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Three Democratic Senators Came Not to Bury the FCC’s Net Neutrality Rules, But to Praise Them

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WASHINGTON, June 12, 2019 – A trio of Democratic senators on Tuesday called for Senate Majority Leader Mitch McConnell to allow a vote on legislation to roll back the Federal Communications Commission’s repeal of network neutrality regulations put in place during the Obama administration.

Sens. Ed Markey, D-Mass., Ron Wyden, D-Ore., and Maria Cantwell, D-Wash., each took to the Senate floor on Tuesday to demand that McConnell, R-Ky., bring the Save the Internet Act to the floor for a vote. The Markey-authored legislation would turn back the regulatory clock to June 11, 2018, just as FCC Chairman Ajit Pai’s repeal of the Obama-era Open Internet regulations was taking effect.

“I rise today in defense of net neutrality. In April, the House of Representatives took an important step in passing the Save the Internet Act legislation that would…restore net neutrality protections,” said Markey, who has been a strong proponent of rules to prevent broadband providers from blocking or throttling customers’ internet traffic since his days representing Massachusetts in the House of Representatives.

Markey noted that the Senate passed a so-called “resolution of disapproval” last year to use the Congressional Review Act to overturn the FCC’s repeal of the Obama-era rules, but added that he was offering up the Save the Internet Act because the CRA is no longer an option.

“Unfortunately, our Republican colleague are failing to listen to the voices of their constituents and plan to block the vote from happening,” he said.

“Let’s be clear. Net Neutrality is just another way in which the Republican Party refuses to side with the ordinary people in our country.”

Wyden echoes the high stakes involving in politicizing net neutrality

Wyden, who has frequently collaborated with Markey on network neutrality legislation, rose when his colleague had finished to echo the Massachusetts senator’s call for action and explain the stakes.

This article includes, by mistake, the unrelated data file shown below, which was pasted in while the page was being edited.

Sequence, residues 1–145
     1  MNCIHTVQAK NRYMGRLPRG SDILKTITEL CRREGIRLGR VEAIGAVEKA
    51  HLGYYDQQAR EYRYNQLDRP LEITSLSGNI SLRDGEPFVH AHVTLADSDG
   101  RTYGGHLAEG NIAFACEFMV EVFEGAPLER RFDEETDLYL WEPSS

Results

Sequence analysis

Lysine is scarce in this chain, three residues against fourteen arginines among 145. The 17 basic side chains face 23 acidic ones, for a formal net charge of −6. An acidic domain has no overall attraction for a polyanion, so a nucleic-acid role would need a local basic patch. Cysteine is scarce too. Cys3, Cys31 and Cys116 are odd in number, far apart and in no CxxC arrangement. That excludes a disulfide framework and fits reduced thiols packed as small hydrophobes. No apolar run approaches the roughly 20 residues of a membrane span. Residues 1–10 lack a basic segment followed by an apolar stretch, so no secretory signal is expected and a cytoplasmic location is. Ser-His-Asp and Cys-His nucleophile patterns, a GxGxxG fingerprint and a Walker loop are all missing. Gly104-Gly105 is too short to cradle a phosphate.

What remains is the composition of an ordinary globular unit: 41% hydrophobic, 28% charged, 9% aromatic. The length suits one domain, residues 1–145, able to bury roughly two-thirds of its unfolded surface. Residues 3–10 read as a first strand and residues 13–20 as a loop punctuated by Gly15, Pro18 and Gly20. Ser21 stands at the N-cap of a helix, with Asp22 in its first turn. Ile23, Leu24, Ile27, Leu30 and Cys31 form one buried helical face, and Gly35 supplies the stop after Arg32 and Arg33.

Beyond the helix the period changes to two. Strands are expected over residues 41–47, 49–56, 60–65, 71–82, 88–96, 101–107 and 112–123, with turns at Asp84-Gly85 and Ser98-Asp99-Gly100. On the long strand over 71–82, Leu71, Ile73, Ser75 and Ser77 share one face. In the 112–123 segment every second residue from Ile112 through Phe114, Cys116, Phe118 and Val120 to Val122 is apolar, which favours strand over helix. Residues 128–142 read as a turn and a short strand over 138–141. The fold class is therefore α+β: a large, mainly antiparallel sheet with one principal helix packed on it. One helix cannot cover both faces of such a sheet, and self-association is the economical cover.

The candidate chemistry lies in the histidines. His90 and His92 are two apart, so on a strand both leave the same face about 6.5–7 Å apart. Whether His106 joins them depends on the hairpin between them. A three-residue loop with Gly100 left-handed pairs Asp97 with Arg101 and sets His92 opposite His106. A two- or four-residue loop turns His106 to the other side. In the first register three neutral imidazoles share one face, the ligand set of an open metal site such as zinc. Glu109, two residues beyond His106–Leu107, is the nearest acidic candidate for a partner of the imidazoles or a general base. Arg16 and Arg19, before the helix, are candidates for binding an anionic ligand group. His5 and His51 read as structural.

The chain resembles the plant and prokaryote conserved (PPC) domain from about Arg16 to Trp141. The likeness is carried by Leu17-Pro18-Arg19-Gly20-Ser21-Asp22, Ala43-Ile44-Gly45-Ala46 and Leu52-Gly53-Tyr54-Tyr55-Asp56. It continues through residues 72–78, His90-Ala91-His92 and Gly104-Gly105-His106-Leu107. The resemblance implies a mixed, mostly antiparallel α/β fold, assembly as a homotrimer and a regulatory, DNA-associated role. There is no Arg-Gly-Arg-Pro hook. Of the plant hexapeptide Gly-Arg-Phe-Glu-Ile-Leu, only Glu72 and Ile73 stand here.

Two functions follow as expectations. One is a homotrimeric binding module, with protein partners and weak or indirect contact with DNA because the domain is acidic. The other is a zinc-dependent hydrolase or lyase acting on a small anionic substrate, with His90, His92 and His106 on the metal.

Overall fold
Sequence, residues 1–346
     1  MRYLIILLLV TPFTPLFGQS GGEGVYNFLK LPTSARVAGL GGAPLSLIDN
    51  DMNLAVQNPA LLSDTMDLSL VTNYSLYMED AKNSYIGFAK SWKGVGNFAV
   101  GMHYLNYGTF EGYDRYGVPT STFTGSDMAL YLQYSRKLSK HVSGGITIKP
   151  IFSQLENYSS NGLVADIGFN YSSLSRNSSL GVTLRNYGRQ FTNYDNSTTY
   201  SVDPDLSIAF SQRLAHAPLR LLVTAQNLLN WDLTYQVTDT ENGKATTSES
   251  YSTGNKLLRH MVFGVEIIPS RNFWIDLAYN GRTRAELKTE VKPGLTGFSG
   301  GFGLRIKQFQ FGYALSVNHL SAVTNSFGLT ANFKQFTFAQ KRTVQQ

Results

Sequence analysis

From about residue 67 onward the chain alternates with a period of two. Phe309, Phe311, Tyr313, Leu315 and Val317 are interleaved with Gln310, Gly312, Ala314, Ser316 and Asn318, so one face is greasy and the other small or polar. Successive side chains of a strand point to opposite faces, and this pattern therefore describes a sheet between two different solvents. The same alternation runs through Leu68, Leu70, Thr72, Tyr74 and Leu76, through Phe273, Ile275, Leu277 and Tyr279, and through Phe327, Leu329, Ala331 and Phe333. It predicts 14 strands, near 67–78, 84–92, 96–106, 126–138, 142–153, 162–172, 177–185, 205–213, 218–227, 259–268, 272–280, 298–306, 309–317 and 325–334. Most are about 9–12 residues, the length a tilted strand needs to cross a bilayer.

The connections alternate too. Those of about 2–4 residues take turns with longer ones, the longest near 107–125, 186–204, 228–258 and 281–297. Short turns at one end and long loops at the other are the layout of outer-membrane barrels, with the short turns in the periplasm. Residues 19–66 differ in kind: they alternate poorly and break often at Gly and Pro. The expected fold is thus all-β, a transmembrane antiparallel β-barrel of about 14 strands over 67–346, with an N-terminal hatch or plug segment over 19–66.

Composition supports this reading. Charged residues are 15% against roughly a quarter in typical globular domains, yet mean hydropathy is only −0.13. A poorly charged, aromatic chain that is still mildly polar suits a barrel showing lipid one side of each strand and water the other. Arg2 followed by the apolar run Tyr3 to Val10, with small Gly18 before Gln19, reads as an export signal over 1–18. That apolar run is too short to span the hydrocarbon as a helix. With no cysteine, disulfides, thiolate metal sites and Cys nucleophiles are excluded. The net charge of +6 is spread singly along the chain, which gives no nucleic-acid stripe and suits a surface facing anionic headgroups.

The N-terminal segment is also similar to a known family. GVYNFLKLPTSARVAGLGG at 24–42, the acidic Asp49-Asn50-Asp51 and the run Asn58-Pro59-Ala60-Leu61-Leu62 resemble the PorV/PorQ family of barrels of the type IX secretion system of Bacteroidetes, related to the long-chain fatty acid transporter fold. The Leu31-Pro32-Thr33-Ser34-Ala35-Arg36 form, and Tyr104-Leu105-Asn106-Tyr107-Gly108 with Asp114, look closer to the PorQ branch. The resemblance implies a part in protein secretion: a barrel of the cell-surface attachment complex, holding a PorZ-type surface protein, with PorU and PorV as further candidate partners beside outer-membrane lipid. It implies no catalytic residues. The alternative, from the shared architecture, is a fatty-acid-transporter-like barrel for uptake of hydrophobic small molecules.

“Net neutrality — the free and open internet — says that once you have access to the internet, you get to go where you want, when you want and how you want,” Wyden said before noting that both he and Markey have been pushing for strong network neutrality protections for more than ten years.

Responding to critics of his bill who’ve said that the current FCC rules have not resulted in the far-reaching consequences predicted by network neutrality proponents, Wyden explained that the changes he and others fear are often slow in coming.

“Here’s the reality — these changes that hurt consumers don’t come all at once, and that’s for a reason. Big cable companies count on making them in steady, creeping ways that go unnoticed — it’s death by a thousand inconveniences,” he said.

The Oregon senator offered as an example the recent proliferation of “unlimited” data plans “that totally throw away the definition of the word ‘unlimited.'”

“To understand the complicated limits on internet access in these newfangled “unlimited” plans, you practically need a graduate degree in big-cable legal jargon,” Wyden said. “Consumers might be forced to swallow hard and accept it, but that doesn’t make it acceptable.”

Wyden also noted that the rise of mega-mergers between content providers and broadband network operators — like the recent merger between Time-Warner and AT&T — can threaten consumers by eroding competition, reducing the number of available choices, and giving rise to anti-competitive bundling deals in which network operators don’t charge for access to one preferred content provider but do so for all others.